I have read about psychotic mania. I don’t ever want that.
When I experience a lift in my major depression, the joy of living in a beautiful world like a normal human is so magnificent, it feels like mania.
Reflecting right now, it makes me think of the Taj Mahal.
Overconfident joy tells me that some god is inside me, and I can create the most magnificent art the world has ever seen, heard or read. Anyone could, but one must want to (like I do when I’m manic).
I am Picasso! Seriously!
My doctors say it’s not mania. It’s normal. My medicines are supposed to create normal all of the time. They don’t. Doctors say it’s not science.
Right now, it has been so long since a lift, I forget what mania is, so I can’t write about it.
Sometimes I have moments of mania within the depression. These are dangerous, but some of them are good mania and I like those moments. Good mania makes my mind act like a furious race car in the middle of a dangerous train station with hundreds of trains chugging in and out of a giant marble concourse.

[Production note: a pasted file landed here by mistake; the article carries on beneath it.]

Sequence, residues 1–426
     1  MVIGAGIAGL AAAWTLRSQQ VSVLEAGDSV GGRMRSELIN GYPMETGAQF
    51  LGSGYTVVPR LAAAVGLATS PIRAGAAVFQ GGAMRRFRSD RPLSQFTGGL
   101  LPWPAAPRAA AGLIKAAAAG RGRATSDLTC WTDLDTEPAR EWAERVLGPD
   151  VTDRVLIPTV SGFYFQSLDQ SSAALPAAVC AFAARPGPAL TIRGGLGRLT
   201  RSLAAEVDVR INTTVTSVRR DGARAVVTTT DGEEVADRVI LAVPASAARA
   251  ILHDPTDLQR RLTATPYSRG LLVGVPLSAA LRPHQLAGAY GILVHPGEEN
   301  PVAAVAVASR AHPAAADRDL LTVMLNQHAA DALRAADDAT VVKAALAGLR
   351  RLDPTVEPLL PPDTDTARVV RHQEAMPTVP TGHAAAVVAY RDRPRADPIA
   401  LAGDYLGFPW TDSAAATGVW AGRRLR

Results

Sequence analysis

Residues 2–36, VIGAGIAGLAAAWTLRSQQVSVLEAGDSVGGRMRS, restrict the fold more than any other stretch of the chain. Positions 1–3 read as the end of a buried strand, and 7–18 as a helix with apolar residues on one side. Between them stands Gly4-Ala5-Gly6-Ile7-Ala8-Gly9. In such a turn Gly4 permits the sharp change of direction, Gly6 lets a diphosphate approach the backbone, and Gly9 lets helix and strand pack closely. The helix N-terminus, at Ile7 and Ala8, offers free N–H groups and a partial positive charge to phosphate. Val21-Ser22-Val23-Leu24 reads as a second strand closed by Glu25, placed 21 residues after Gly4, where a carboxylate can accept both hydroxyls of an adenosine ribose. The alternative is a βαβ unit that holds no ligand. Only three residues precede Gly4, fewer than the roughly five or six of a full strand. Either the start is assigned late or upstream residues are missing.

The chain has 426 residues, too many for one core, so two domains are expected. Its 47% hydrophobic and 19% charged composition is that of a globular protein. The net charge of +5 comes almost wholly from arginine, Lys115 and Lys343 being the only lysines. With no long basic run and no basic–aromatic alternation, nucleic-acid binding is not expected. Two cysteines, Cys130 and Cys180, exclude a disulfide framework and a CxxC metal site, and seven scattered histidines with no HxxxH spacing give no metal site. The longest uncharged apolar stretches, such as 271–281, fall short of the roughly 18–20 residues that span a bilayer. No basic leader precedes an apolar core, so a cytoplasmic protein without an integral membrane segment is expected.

Evelyn and I challenged each other to do a meditation on the nature of mania. The only rule, a severe rule at that, was that it must be between 160 and 200 words. Those of you who have read anything of mine know that I had to use all 200, and I did. Exactly 200. Here’s where it gets a little strange: I wasn’t happy with my first one because my contemplation was far more serious than it should have been, though the actual state does deserve serious contemplation. Thus, this is V. 1, and I created a V. 2, which I will post next, and it is also exactly 200 words. What do you know? I think Word does not count multiple words with hyphenated words and it should, so I may have bent the rules. I know I did with having a V. 2, but Evelyn outguns me with talent so badly that I needed some sort of handicap so there is no reason for me to feel guilty.
Her post should be up soon at Filling a Hole.